by Benny Morris
Coptic Pope Shenouda III called for "calm" in the wake of the New Year's Day bombing outside the church in Alexandria, in which twenty-three members of his flock were murdered and dozens were injured. And he explicitly avoided condemning the presumed perpetrators, Egyptian Muslims, his neighbors.
Technically, this makes sense. The investigators have not yet arrested, let alone charged, anyone—and quite possibly never will.
But, of course, a deeper logic was at work. The Coptic leader does not want to rile, and aggravate tensions with, the surrounding dominant sea of Egyptian Muslims (though, more bravely, some of his flock took to the streets of Cairo and Alexandria and clashed with the police who, they charged, had done and were doing too little to protect them).
I can also understand Egyptian President Hosni Mubarak, who, in a knee-jerk reaction, attributed the attack to unnamed "foreign" elements. He too prefers not to point at extremist Egyptian Muslims as the responsible party; he too worries about riling the Islamists.
Somewhat more surprising is Pope Benedict XVI, who sees all the world's Christians, including the Middle East's, as his wards. Of course, he condemned the attack, as well as the series of murderous attacks which immediately preceded it against Christians in Baghdad and elsewhere in Iraq. But he too avoided explicitly condemning "Muslims" as the guilty party (much as Western leaders regularly vaguely speak of "international terrorism" without mentioning "Islam" or "Islamists" in this connection, as if other religious groups, say Buddhists or Hindus or animists, are also commonly engaged in this unleasant pursuit.)
So the forthrightness and explicitness of these very same Muslims, when attributing blame, is truly noteworthy. No mealy-mouthed spokesmen here.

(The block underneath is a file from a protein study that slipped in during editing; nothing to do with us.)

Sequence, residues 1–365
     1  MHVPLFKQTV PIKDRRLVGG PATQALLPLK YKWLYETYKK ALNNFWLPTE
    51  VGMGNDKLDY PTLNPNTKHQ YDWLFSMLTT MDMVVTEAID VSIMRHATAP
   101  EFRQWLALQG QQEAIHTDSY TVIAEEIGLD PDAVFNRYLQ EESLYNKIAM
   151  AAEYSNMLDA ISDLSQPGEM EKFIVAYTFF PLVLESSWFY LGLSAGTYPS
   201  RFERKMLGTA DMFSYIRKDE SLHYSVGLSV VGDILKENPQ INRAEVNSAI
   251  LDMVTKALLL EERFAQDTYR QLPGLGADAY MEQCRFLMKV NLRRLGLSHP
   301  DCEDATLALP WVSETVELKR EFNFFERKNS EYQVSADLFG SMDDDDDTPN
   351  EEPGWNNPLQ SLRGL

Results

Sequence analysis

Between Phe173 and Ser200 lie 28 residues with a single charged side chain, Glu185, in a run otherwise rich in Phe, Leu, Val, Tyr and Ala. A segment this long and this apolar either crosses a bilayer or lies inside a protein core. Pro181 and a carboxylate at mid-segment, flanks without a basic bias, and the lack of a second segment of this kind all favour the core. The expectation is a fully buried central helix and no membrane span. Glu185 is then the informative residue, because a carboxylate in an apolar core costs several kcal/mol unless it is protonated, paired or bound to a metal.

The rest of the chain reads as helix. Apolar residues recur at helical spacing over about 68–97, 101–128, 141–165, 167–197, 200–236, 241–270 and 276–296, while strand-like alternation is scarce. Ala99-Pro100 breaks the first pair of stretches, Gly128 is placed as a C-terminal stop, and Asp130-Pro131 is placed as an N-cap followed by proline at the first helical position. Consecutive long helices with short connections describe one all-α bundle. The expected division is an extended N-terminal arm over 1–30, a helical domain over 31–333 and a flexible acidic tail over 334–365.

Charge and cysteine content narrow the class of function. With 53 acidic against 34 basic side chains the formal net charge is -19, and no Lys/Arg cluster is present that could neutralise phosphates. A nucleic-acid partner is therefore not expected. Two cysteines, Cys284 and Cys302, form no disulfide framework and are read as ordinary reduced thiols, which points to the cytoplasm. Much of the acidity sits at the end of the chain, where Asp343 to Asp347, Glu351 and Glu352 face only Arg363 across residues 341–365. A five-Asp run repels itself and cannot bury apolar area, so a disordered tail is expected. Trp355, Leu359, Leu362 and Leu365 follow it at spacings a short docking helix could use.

Take Sheikh Muhammad Rashid Qabbani, Lebanon's Grand Mufti. He immediately announced: "This assault [on the Copts in Alexandria] . . . is not an individual internal Egyptian act, but a criminal act with Zionist . . . fingerprints. [They] want to sow hatred among Muslims and Coptic Christians."
Or take the spokesman of the Egyptian Bar Association: "The Mossad carried out the operation in a natural reaction to the latest uncovering of an Israeli espionage network."
Or a spokesman for the Egyptian Muslim Brotherhood, Munim Abu al Fattouh Abdel: It could not have been Egyptians. Perhaps it was the Mossad or someone else interested in sabotaging Egypt.
Iranian TV put it more definitively: the Mossad. "It goes without saying that no Muslim . . . will ever commit such an inhuman act." (Surely, this one must have been said tongue in cheek?)
These accusations are, of course, risible. But they raise a serious question. What are the bounds of credulity in the mendacity-ridden Muslim societies of the Middle East? Can preachers and spokesmen say anything, however outlandish, and expect the masses to eat it up? Is there no limit to what the infidel can be accused of—and to the expectation that the charge will stick?
Which raises the still more profound question: What are the long-term prospects for peaceful cohabitation on planet Earth between us in the West and these Muslim societies in which truth has absolutely no traction or importance, where the masses will believe—ask any pollster—that the CIA or the Mossad knocked down the Twin Towers on 9\11?
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